In my last blog, I confessed how frantic my brain can be sometimes when I’m trying to spend time with God. That blog stated the “problem,” and I ended it by saying that I was trusting God to give some “solutions” to share in this blog. Well, the reason I’m late in posting this blog is because God took me in a different direction. I ended up with a blog of more than 2000 words! Rather than subject you to all that at one sitting, I’m going to give you the first part today and the second part later in the week. The next blog won’t be “Unplugging! Part 3” because God shifted gears a bit on me, and it’s a subject that I suspect will yield more blogs in the coming days (or weeks or months). So today it’s practical ideas to help control a misfiring brain – to help you focus on God and enter into His presence. The next blog will be the beginning of a discussion on more underlying lifestyle issues (be afraid, be very afraid!).

Controlling the Misfires
If you’re like me, you sometimes sit down to be with God and your mind repeatedly interrupts your reading or prayer. I refer to these distractions as “misfires.” Sometimes the misfires are of God, but usually they’re a result of my mind moving forward to all the things of the day, instead of resting with and before the Holy One, because, quite frankly, most of us are much better at moving than we are at resting. Here are some basics to help you quiet yourself so that you can enter God’s presence more regularly:

  • Have a consistent time where you meet with God. It doesn’t have to be the same time every day. Although consistency works best, if your schedule doesn’t allow it your “God time” might be at 6am on Mondays and Wednesdays, and at 3pm every other day.
  • Have a consistent place where you meet God. I have two. During the week, I usually meet with God at my desk in my home office. On weekends, I have a reclining chair in which I sit when I meet with God. It doesn’t have to be a place that is exclusively for meeting with God.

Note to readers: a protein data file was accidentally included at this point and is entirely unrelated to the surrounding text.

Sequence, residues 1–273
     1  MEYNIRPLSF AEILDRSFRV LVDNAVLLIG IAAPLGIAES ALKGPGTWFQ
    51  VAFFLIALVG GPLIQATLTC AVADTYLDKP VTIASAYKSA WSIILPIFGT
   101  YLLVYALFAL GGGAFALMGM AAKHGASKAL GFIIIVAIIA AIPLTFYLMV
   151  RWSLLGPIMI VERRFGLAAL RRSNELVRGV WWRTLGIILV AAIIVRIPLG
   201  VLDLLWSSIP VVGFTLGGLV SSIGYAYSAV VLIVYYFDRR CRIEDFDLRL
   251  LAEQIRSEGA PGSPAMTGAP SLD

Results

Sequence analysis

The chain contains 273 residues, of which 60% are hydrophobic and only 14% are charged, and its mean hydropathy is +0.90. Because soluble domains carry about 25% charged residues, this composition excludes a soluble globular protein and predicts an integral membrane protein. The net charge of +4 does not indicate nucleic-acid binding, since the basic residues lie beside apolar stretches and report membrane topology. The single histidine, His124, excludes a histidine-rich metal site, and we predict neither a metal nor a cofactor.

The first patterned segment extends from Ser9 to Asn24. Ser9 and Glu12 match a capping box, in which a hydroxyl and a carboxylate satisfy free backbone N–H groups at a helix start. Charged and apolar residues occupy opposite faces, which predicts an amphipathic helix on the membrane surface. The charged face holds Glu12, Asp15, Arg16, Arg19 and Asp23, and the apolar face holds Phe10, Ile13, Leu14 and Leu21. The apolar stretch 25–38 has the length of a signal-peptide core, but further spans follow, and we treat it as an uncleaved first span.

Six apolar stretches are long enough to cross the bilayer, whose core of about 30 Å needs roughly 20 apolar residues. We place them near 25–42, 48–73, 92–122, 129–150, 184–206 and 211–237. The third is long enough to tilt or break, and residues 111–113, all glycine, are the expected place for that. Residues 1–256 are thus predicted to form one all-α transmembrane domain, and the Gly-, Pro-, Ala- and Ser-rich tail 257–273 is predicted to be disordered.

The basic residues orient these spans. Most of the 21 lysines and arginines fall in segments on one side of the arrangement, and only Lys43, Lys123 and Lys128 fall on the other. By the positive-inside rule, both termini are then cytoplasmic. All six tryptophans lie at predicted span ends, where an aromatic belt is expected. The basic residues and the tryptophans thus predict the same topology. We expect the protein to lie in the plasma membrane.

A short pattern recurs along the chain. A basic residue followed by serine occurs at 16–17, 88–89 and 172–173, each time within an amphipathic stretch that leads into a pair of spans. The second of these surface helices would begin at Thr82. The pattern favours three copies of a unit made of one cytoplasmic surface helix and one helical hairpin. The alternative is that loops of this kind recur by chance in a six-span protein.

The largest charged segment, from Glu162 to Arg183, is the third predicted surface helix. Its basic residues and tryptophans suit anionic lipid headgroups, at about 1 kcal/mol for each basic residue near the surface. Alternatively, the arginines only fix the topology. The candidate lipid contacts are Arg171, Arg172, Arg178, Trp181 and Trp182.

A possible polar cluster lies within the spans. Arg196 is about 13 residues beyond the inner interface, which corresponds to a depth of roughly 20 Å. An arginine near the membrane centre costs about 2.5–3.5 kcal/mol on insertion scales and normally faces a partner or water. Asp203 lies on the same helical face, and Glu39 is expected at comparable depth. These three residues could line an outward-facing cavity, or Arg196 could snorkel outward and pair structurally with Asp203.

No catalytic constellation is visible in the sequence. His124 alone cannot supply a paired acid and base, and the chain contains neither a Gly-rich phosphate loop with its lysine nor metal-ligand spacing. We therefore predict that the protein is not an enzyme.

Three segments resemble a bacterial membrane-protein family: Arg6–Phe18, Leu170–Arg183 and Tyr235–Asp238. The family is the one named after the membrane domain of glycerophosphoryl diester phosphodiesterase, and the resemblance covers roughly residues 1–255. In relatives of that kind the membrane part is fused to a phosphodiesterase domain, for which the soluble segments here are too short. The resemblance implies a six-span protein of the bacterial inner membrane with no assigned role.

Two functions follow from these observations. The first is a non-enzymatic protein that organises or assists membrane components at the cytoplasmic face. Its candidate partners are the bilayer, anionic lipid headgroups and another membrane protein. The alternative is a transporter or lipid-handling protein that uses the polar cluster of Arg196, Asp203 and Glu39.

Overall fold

• Be “legalistic” about meeting with God in your scheduled time and place. (For all you anti-legalistic “freedom” folks, relax, I’ll get to you.) Consistency establishes lifestyle patterns. Over time, you will come to anticipate meeting with God at your “scheduled” time and place. The location and time become “set apart” – holy to the Lord – and simply going there begins to set your mind, heart and spirit in a mode that is receptive to hearing from God.
  • Keep the distractions in your meeting place to a minimum. For example, when I meet with God at my desk, it’s important that I NOT open e-mail or look at my to-do list when I sit down. On days when I am more distracted than others, I sometimes cover up papers on my desk that might take my mind elsewhere. When I meet with God in my recliner, I let the answering machine take phone messages for me.
  • Deal with distractions creatively. It’s the enemy who is distracting you from meeting with God. Use the distractions for good. When I meet with God in my reclining chair, I can easily be distracted by pictures on the wall or books on the shelves or any of a number of other things in our living room. I can use those distractions as reminders to pray for family members or life situations.
  • Find a pattern for meeting with God that works for you. This may require trying several different things over a period of time before you find that pattern that draws you into God’s presence. Don’t be discouraged, don’t quit trying, and don’t limit yourself. The time and place are just the first two elements of the pattern.
    • I like to have a cup of tea and a piece of toast during my quiet time. God and I have breakfast together.
    • You might relax with God better with soft music in the background. For me, that’s usually distracting or it puts me to sleep.
    • You might want to begin with vibrant worship. I love to do this, but I usually can’t make the transition from vibrant worship to quietly sitting with God, so I don’t begin my quiet time with vibrant worship, but it sometimes ends with it.
    • Maybe sitting with a drawing tablet or at an easel puts you in a place to hear God easily.